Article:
Monday, July 14, 2008

The 11 hour miracle

When Zari was four months old, my mom started asking me, "so is she sleeping through the night yet?" I laughed. Not even close. In fact, over the past 20 months of her life she's woken up every few hours at night, every night. The newborn stage was actually the easiest of all for me. She'd sleep like a log, nurse, and fall right back asleep again and not even stir in between. It's actually been the later months that have been very difficult, when she would wake up every hour or two and need to nurse back to sleep every single time. Or when she'd crawl or roll around in her sleep.

So imagine my surprise when we arrived in France and she started sleeping long stretches: 6 or 7 hours. I usually put her to bed by 9 pm and she'd often sleep until 3 or 4 am. At that point I'd bring her into bed with us, nurse her back to sleep, and she'd sleep again until 7 or 8 am (maybe nursing once during that time when it first got light out).

Then last night happened. She slept for 11 hours straight, from 9 pm to 8 am. It was such a surprise that I was actually awake from about 4 am on, waiting for her to wake up!

I don't know what it is I'm doing, or not doing, but this is amazing. The only factors I can isolate:

1) I have a fan going while she sleeps (no A/C here in France, so a fan is a must). Perhaps the white noise helps.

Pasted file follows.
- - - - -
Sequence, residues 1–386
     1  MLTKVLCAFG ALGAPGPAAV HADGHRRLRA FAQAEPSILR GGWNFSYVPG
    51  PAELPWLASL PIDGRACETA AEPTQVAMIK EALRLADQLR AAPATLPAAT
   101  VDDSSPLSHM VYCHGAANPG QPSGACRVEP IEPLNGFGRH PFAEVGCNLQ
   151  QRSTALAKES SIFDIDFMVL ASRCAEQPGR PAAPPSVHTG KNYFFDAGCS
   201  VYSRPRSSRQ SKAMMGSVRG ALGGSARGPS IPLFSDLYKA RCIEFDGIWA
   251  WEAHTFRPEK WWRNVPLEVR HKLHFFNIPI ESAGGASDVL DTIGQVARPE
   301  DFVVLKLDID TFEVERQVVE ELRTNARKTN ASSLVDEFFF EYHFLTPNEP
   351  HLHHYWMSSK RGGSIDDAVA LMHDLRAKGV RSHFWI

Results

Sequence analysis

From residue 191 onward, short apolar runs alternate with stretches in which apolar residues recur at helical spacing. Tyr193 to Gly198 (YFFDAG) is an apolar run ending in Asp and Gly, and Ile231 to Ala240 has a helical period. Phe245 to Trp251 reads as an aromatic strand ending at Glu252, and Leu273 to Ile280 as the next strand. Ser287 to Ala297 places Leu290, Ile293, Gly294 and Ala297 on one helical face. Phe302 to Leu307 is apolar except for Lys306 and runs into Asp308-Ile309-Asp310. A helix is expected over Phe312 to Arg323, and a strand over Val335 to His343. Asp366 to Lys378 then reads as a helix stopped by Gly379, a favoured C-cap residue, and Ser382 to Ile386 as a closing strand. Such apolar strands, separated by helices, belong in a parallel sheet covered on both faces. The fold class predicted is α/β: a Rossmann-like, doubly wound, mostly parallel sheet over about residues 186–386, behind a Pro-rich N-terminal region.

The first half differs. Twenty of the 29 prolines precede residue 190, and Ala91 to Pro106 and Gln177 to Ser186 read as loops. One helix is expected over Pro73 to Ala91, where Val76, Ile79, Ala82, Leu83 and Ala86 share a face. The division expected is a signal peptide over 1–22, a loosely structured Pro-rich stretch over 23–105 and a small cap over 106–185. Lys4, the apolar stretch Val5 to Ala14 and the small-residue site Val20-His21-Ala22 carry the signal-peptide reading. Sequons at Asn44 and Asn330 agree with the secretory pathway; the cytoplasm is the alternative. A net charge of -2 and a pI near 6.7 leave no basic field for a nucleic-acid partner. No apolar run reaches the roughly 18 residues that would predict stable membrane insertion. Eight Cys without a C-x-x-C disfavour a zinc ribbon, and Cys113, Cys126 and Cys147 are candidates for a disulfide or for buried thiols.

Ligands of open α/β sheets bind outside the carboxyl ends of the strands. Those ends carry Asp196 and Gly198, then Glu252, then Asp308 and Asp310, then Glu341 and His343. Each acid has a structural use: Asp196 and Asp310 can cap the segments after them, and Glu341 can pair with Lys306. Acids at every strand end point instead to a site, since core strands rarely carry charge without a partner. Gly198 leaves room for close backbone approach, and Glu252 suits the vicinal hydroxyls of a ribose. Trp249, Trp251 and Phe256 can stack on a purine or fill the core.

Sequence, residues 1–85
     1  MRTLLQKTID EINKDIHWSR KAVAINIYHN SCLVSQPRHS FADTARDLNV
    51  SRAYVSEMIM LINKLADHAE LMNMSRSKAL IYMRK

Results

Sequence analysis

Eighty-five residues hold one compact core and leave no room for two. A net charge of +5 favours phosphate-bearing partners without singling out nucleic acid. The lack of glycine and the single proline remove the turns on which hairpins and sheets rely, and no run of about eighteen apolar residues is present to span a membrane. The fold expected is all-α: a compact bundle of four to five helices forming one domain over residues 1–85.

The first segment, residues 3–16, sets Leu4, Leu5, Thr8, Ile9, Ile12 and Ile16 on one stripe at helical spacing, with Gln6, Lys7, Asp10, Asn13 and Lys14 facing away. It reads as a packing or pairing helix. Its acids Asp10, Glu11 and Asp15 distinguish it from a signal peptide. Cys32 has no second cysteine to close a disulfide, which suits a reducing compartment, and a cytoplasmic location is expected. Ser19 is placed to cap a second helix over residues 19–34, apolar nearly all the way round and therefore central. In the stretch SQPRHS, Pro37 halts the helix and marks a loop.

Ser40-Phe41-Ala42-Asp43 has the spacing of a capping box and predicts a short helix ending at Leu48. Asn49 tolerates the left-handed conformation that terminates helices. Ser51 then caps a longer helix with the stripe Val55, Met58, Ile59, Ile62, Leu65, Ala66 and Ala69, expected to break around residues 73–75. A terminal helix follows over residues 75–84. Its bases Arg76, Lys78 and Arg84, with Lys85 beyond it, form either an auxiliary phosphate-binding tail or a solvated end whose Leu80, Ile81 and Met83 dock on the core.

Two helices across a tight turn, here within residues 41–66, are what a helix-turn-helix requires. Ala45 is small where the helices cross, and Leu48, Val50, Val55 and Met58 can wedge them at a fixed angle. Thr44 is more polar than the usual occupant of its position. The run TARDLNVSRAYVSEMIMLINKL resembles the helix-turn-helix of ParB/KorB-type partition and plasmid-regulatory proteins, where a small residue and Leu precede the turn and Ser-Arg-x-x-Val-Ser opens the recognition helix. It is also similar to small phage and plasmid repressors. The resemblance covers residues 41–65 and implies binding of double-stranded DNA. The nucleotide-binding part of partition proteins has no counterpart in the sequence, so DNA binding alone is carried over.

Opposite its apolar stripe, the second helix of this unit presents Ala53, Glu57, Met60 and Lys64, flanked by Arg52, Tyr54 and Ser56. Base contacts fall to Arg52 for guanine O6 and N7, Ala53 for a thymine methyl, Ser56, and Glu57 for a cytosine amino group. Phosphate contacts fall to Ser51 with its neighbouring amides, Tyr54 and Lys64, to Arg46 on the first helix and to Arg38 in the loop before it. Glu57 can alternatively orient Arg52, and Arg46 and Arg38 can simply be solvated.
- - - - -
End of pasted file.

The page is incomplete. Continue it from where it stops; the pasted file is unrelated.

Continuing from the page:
2) She starts out in another bedroom, rather than in a crib in our own bedroom like we'd do at home. Perhaps we were waking her up (even though we were extra careful at home to be super quiet).

3) We are always doing something here and she is worn out with all of the physical activity. We go the park at least once every day, we walk all over town, we play ball, we go to the beach, we swim in a blow-up kiddie pool, we play with the students and short, she's always moving and playing. At home, we did a lot more sitting around the house.


  1. Rixa,

    You know I admire you. I think you're fantastic.

    But this. This just kills me -- or it would, if one of my kids reached 20 months without sleeping through the night.

    I don't understand why (seemingly-to-me-extreme) potty "training" in the form of EC is desirable starting at (6 weeks was it?) while sleep "training" is apparently another word for water-boarding.

    I sleep train my kids a la Dr. Weissbluth, and they sleep through the night around 3 months, if not earlier. That's with pretty good-size birth weights (9.3, 7.13, etc) and 100% breastfeeding.

    Just -- Why? Why would you live like that? I would be needing some serious Prozac. Or green tea. I don't know.


    Your let-me-sleep-or-die friend,


  2. That is awesome--so wonderful to have sleep. I noticed with my children too, that when we are on vacation or in a different place that they sleep like logs. The white noise also makes a HUGE difference with them.

    What a cutie--looks like you're having a great time in France!

  3. EC isn't potty training, it's following a child's natural cues that already exist rather than enforcing something of your own will.

    Rosie doesn't sleep through the night either, she wakes up crying in her sleep. I have finally figured out that she wakes up because she has to pee. The problem is, she won't wake up fully to go to the bathroom. If you try to take her at night she gets hysterical. So she still has to wear a diaper over night, and she still wakes up and fusses. I guess she will grow out of it at some point.

    I hope your long stretches of sleep continue!!

  4. Shannon,